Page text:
# Residual Error

## Contents

# Recommended means of analysis of residual errors

## A. Testing the significance of a random error rate on one control zone

For an individual error rate (i.e. the error rate of a single control zone or the error rate of the whole sample), the statistical test is rather simple. It is actually similar to the test that is performed for the LPIS Quality Element 1b within the LPIS QA exercise.

First, the standard deviation of the error rate R must be estimated. This estimation depends on the type of sample, i.e., random or from the risk analysis and also on the group of beneficiaries that this sample represents (i.e. one control zone or the whole population of the MS).

If the error rate R is computed from a random sample, one must use the following procedure:

- - For each individual dossier in the sample, compute the difference = - R* where is the claimed area and is the area not found;
- - Compute as the sample standard deviation of the vector of ;
- - is then computed as:

where ๐ is the number of dossiers in the sample, ๐๐๐ก๐ถ is the total claimed area over the considered zone (i.e. either the control zone or the full MS territory) and ๐ is the total number of dossiers over the considered zone (again, either the control zone or the full MS territory).

If the error rate R is computed from a risk-based sample, the procedure for estimating the standard deviation of the error rate is more complex.

Once, the standard deviation is estimated, one must evaluate the upper limit of error (ULE) with:

Where is the quantile at 95% of the Student distribution with n-1 degree of freedom.

Finally, the conclusion of the test โIs the error rate R smaller than the 2% limit ?โ depends on which of the following cases is verified:

In case no chapter supplied.

## B. Comparing random error rates from different control zones

For the comparison of two error rates from independent samples (e.g. error rates from two different control zones, risk versus random samples), the preparation is the same. Only the test differs has it tries to address questions such as โIs the random error rate A larger than the random error rate B?โ or โAre both random error rates equal?โ.

The random error rates and and their respective standard deviations and must be evaluated individually as described previously and accordingly to the type of samples.

The statistic of the test will be computed as:

Then, according to the test that is considered, the conclusion of the test depends on which of the following cases is verified:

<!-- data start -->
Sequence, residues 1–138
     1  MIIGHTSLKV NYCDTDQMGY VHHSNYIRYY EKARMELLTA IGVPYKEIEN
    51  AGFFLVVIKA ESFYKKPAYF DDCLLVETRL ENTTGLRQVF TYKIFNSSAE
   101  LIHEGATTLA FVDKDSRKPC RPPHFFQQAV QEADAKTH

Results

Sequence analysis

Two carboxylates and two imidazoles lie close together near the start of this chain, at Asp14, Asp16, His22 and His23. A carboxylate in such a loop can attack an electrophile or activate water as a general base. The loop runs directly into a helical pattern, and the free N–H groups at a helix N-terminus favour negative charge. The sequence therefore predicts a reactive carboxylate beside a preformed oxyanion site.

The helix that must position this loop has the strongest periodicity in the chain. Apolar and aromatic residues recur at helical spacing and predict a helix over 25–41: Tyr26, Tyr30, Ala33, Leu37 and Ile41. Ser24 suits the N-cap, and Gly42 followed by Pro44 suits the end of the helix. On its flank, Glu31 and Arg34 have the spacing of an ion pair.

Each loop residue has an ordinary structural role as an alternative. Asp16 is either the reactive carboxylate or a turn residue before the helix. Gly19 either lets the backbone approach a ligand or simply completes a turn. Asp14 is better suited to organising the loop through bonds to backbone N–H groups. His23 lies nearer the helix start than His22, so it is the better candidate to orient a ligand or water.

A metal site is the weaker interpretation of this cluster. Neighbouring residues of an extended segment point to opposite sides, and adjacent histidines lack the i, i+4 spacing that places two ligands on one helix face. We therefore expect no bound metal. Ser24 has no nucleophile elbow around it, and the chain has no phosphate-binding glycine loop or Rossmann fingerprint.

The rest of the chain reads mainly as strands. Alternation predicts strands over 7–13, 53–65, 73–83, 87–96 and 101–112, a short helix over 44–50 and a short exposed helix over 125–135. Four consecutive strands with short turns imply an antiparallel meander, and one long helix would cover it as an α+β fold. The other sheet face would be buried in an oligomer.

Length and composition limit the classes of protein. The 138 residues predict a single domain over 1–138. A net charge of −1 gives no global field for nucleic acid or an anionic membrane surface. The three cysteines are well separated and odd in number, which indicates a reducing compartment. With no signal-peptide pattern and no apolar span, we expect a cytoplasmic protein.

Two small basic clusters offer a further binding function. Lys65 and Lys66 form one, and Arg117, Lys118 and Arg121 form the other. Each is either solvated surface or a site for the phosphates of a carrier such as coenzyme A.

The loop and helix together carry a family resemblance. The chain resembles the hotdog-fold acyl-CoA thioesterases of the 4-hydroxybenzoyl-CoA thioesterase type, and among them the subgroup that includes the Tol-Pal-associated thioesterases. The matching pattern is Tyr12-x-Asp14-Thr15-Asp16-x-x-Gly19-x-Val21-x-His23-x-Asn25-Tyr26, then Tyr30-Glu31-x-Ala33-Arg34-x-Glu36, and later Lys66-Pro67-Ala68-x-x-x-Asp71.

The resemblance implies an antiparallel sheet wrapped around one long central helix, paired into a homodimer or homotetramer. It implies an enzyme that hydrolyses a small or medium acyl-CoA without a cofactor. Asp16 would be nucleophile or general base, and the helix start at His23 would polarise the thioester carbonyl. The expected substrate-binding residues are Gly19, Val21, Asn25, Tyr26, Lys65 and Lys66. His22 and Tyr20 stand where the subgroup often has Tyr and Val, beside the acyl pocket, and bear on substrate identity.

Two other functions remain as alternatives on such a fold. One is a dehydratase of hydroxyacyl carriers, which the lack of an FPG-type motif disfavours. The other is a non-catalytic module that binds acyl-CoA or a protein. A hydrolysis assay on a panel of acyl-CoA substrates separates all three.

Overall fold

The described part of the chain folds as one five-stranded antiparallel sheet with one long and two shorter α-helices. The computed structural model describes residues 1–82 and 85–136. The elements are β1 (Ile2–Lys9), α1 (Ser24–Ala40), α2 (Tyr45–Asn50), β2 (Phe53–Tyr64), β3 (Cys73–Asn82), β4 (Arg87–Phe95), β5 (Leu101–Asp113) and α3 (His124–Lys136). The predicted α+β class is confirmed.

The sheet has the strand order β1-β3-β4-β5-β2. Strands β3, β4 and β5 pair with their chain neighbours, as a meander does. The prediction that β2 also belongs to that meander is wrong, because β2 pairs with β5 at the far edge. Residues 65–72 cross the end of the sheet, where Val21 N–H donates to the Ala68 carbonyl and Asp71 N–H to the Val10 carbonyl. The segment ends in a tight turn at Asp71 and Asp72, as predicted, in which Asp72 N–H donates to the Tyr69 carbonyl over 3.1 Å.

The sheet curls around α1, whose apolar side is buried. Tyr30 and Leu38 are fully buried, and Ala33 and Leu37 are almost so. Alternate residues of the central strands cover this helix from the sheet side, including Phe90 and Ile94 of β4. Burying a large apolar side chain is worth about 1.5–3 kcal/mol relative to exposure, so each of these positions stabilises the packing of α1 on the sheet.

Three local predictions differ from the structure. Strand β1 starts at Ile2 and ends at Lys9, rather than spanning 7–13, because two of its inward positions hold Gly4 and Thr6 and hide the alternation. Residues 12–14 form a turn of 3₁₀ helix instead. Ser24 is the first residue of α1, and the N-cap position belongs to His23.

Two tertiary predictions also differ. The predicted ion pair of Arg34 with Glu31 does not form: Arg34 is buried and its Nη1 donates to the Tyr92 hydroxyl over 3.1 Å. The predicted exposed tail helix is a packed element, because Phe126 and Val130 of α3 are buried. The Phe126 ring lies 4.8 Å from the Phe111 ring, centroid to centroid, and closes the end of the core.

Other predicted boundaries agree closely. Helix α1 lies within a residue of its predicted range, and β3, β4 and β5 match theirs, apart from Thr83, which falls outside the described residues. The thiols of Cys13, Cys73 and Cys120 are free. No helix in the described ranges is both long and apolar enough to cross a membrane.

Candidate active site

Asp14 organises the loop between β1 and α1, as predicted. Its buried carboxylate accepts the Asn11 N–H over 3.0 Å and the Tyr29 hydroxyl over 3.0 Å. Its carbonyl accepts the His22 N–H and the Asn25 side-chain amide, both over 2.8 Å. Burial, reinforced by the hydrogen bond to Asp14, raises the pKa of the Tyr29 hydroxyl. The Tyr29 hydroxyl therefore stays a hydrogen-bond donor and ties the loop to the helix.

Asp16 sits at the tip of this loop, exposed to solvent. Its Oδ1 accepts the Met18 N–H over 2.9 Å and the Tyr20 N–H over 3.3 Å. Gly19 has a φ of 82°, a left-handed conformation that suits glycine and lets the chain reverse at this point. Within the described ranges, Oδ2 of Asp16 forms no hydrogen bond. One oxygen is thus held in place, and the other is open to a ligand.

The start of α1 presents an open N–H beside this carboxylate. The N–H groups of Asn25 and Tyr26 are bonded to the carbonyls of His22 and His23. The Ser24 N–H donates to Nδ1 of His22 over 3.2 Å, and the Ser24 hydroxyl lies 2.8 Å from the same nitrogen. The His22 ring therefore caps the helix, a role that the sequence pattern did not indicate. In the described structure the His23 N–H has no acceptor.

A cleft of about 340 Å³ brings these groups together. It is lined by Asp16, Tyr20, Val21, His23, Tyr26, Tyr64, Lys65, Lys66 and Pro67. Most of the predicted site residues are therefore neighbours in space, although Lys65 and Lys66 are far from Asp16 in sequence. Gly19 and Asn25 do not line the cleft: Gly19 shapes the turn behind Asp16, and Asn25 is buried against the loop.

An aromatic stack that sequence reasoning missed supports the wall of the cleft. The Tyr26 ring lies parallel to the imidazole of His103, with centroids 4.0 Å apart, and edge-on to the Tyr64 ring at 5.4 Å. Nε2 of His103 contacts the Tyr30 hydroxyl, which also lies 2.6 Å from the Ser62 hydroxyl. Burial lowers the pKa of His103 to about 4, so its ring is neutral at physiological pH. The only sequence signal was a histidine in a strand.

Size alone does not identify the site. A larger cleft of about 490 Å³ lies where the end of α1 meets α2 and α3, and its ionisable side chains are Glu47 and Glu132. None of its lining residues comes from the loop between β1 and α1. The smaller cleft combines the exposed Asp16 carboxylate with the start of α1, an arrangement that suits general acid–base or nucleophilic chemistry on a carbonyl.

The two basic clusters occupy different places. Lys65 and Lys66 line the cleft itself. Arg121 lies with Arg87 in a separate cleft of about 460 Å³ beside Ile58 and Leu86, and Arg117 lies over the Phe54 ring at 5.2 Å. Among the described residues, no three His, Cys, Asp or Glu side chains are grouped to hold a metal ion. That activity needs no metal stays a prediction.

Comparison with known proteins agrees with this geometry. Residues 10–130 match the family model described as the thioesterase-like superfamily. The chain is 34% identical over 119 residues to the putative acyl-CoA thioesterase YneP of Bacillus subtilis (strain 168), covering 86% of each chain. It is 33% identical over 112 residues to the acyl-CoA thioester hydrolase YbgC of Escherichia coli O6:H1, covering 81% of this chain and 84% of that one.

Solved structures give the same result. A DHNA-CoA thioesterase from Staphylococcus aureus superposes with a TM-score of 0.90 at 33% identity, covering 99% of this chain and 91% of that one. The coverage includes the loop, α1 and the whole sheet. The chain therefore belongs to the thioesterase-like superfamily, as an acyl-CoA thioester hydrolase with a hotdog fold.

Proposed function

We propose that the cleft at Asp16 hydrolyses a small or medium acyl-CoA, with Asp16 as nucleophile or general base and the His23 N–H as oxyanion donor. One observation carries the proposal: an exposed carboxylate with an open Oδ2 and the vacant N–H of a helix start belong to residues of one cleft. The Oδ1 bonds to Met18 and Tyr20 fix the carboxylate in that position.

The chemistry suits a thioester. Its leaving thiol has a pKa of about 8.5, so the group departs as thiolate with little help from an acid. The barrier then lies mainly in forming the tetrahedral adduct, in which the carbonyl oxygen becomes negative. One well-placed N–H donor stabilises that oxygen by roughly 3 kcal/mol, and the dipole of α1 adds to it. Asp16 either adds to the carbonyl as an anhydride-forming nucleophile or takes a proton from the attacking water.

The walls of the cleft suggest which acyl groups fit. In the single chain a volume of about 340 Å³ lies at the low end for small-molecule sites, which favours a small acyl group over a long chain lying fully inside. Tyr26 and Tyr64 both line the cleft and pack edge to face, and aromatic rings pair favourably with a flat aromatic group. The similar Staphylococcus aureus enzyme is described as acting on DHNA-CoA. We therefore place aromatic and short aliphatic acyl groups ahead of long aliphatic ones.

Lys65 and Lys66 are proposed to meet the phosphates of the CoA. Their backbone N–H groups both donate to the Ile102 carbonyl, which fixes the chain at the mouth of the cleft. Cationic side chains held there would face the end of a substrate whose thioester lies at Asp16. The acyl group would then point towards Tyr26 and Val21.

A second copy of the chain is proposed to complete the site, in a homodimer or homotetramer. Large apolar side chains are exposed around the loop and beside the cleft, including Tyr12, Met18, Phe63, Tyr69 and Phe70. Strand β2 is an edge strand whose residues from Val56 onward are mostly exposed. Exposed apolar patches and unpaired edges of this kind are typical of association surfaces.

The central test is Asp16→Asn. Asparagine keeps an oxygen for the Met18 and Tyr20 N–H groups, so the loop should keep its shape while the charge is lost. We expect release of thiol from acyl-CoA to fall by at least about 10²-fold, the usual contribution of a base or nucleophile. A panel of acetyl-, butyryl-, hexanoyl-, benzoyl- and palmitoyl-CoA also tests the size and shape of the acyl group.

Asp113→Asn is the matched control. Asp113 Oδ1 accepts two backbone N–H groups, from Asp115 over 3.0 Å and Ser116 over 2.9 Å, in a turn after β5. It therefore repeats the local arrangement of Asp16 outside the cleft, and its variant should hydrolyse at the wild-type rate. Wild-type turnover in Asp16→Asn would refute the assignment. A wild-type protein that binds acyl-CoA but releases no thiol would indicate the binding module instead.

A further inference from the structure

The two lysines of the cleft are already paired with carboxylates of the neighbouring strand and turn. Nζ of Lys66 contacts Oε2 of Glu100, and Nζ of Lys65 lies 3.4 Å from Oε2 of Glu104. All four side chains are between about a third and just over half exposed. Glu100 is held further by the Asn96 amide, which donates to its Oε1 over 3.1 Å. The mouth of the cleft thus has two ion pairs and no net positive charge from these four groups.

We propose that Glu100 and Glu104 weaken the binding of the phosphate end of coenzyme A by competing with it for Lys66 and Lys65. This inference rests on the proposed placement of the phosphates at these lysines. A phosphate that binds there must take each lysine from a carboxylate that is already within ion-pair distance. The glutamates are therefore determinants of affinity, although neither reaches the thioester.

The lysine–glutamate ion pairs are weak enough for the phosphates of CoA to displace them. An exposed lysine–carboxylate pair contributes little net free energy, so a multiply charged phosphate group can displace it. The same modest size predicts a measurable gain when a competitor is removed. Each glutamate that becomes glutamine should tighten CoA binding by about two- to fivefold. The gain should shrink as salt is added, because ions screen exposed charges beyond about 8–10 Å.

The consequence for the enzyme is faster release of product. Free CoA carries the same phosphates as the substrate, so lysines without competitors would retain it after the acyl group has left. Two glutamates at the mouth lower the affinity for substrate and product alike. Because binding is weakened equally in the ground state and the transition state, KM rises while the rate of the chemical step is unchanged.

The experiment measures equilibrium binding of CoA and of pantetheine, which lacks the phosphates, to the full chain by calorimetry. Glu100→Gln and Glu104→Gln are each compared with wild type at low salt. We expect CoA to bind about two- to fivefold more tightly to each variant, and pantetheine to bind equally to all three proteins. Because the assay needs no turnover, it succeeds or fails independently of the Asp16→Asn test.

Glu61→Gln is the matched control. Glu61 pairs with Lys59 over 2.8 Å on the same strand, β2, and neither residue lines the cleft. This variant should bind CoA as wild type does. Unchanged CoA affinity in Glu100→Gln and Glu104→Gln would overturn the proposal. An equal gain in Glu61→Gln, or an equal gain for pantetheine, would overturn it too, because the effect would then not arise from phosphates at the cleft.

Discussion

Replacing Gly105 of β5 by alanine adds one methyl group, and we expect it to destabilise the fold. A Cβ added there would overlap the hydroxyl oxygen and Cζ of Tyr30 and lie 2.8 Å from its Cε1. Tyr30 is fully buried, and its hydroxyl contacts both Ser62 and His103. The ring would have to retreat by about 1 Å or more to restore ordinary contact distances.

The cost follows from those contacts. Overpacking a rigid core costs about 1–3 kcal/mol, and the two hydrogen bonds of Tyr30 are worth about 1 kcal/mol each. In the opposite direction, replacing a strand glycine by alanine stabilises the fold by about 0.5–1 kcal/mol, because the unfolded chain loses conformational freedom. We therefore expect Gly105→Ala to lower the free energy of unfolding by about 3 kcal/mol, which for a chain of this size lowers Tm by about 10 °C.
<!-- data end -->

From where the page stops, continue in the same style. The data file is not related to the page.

where the value m is computed as:

and are respectively the quantile at 95% and 97.5% of the Student distribution with m degree of freedom and and are the sizes of the samples A and B respectively.

## C. Comparing two error rates: paired case

For the comparison of two error rates from dependent sample (e.g. in case of reprocessed dossiers during a QC or for testing the equivalence of CwRS and classical checks), the procedure is slightly different. Instead of working on the error rates separately, one must keep the original structure of the sample, i.e. the sample is in fact constituted as pairs of observed area-not-found (e.g. a CAPI measurement and a field measurement) on the same dossier.

First, the standard deviation of the difference of the error rates = - must be estimated. This estimation depends on the type of sample, i.e., random or from the risk analysis.

If the error rate is computed from a random sample, one must use the following procedure:

- - For each individual dossier, compute the difference
- = (-) - ( - ) *
- where is the claimed area and is the area not found using the first method and is the area not found using the second method;
- - Compute as the sample standard deviation of the vector of ;
- - is then computed as:

where ๐ is the number of dossiers in the sample, ๐๐๐ก๐ถ is the total claimed area over the considered zone (i.e. either the control zone or the full MS territory) and ๐ is the total number of dossiers over the considered zone (again, either the control zone or the full MS territory).

Once, the standard deviation is estimated, one must evaluate the lower and upper limit of error (LLE and ULE) with:

where is the quantile at 97.5% of the Student distribution with n-2 degree of freedom.

Note that there are n-2 degrees of freedom and not n-1 as in the test on one isolated error rate in previous section. Also, it is a two-sided test so there are two limits: LLE and ULE.

Finally, the conclusion of the test โAre the error rates and equal ?โ depends on which of the following cases is verified:

## End of pages on analysis of residual errors

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